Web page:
Skinhead Classics: Books for Bootboys 1970-2000. Part Three – the 90s

This is an ongoing, decade by decade, attempt to catalogue in 500 words or less the most notable skinhead books, starting with Richard Allen’s Skinhead in 1970 and ending on ST Publishing’s output until the turn of the century. Click here for Part 2 – the 80s.

Peter Milligan and Brendan McCarthy, 1992 (Tundra UK)
milligan skin coverSkinheads and the drug Thalidomide don’t usually feature prominently in discussions of Teenage Mutant Ninja Turtles, but we’ll get to that later. The late 80s and early 90s were to some extent the fag-end of skinheadism before its later second wind. If the flagging fortunes and attempted metal stylings of former Oi acts weren’t enough, you only need to look at Bill Buford’s lyrical account Among The Thugs (1992) for when his newfound Millwall supporter friends become alert to the presence of an undercover journalist from the Daily Mail as “it was pointed out that no one had worn a bomber jacket and Doc Marten boots for about ten years”. Ripe for a revival or a sardonic lookback at least, skinhead found another unlikely anti-hero in Peter Milligan and Brendan Mc Carthy’s Skin, with self-declared “seal boy” Martin Atchitson (or just ‘Atchet) and his acceptance as a vengeance-seeking Thalidomide survivor in a 70s skinhead gang.

Milligan initially tried to find a home for Martin Atchet in Crisis, one of several titles associated with the late 80s and early 90s alternative comics boom which ultimately petered out with 1995’s tanking (no pun intended) of Tank Girl at the Hollywood box office. Entirely typical of that boom, Crisis was the answer of Fleetway (the UK’s answer to Marvel or DC) to the rise of the more cerebral (and ultimately commercial) indies Deadline and Toxic. d3Alongside the likes of Brett Ewins and Brendan McCarthy, an early leg-up was provided by Sounds, where Milligan’s punk surrealism found its metier. Company parted however with the unwillingness of Fleetway (by now under the ownership of pensions swindler Robert Maxwell’s Mirror Group) to carry Milligan’s Skin strips on account of their subject matter, with its printers also threatening to down tools. This was the era when Manchester press Savoy Books’ allegedly violent and racist Auschwitz graphic novel Lord Horror was relentlessly pursued by the dogged local constabulary of ‘God’s Cop’ James Anderton all the way to the country’s last Obscene Publications Act trial (the book itself inspired by real scenes of prisoners burnt alive during earlier jailings of its author for obscenity in the city’s notorious HMP Strangeways).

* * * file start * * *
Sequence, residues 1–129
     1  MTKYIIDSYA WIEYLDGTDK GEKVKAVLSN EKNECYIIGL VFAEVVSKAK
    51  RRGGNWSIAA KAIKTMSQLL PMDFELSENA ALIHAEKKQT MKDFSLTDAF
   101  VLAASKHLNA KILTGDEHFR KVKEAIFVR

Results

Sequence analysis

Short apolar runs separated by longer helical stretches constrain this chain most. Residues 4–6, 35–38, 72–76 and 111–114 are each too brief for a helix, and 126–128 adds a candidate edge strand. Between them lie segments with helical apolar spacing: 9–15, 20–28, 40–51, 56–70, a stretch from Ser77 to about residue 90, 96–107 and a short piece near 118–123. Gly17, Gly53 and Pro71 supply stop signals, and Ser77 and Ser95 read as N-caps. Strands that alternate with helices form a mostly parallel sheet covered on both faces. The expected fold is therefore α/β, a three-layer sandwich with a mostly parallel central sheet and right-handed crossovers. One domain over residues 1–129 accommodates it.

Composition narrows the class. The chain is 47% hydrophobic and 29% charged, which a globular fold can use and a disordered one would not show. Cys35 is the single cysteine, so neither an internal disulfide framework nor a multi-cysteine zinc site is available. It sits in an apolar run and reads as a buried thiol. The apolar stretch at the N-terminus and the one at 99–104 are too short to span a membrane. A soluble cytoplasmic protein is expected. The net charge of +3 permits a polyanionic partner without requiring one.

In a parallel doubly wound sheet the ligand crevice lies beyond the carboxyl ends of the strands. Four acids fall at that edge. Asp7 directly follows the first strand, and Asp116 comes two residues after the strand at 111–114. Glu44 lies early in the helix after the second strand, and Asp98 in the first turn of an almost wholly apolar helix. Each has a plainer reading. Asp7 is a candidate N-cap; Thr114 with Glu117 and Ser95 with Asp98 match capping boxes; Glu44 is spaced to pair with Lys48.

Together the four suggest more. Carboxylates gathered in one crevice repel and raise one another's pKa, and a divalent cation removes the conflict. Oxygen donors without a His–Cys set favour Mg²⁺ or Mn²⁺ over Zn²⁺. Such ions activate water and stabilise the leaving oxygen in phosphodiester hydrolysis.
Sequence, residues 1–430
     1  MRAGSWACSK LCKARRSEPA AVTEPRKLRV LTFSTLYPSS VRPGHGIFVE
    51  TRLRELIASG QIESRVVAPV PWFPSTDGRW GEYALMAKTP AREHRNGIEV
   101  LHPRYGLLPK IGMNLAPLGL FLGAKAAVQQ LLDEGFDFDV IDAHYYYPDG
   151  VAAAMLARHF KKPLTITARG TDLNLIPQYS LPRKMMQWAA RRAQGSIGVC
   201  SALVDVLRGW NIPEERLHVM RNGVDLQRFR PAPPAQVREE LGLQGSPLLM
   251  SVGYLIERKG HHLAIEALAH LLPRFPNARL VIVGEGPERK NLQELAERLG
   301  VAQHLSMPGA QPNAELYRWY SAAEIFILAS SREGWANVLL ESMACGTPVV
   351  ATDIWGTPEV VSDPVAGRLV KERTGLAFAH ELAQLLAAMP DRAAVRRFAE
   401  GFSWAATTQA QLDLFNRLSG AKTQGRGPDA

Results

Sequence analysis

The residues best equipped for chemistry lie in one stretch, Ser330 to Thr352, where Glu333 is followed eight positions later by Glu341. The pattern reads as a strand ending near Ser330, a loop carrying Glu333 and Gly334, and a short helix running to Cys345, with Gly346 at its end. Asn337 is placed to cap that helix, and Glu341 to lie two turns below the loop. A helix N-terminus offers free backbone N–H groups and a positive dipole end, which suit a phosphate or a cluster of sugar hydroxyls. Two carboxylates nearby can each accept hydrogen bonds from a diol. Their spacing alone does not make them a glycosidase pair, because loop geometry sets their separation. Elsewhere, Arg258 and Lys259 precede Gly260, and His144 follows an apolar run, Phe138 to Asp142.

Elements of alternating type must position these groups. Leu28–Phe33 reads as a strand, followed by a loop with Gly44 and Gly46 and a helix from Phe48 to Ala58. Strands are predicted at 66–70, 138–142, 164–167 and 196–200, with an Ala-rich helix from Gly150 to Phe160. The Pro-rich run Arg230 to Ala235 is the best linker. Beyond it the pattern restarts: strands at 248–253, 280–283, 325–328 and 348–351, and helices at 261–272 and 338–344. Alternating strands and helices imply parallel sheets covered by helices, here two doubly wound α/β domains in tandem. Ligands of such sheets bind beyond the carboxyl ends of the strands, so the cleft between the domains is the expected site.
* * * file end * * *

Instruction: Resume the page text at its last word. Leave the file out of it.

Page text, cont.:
It would take Teenage Mutant Ninja Turtles creator Kevin Eastman’s Tundra press to finally publish Skin (touted unsuccessfully among a number of sympathetic publishers, including George Marshall’s ST operation) as one complete work on its short-lived UK arm. The story itself, unpalatable as it clearly was to mainstream sensibilities at the time, deals with (in the words of McCarthy) “universal themes of major companies shafting people, and corruption in terms of drugs and mass marketing.” 13931764231_2Albeit as lived through the experience of a 1970s skinhead, almost taking up the cudgels of James Moffat as Richard Allen’s critique of 60s social liberalism and discarded consequences. Shunned by society, the unlikely hero seal-boy Atchet finds loyalty among a skinhead gang like any found the literature of the period and as with Allen’s Skinhead, the penetration of a “tasty” hippy is not far away, nor with love interest skingirl Ruby (unlike Allen these acts shown in vivid colour). With Skin now out of print (as with most of the books in our series), Atchet was the subject of an affectionate tribute by midwestern hardcore band Modern Life is War. But remember, most importantly, “He was a SKIN.”
Andrew Stevens


Spirit of 69: A Skinhead Bible
George Marshall, 1994 (ST Publishing)
England Belongs to Me
Steve Goodman, 1994 (ST Publishing)
Boss Sounds: Classic Skinhead Reggae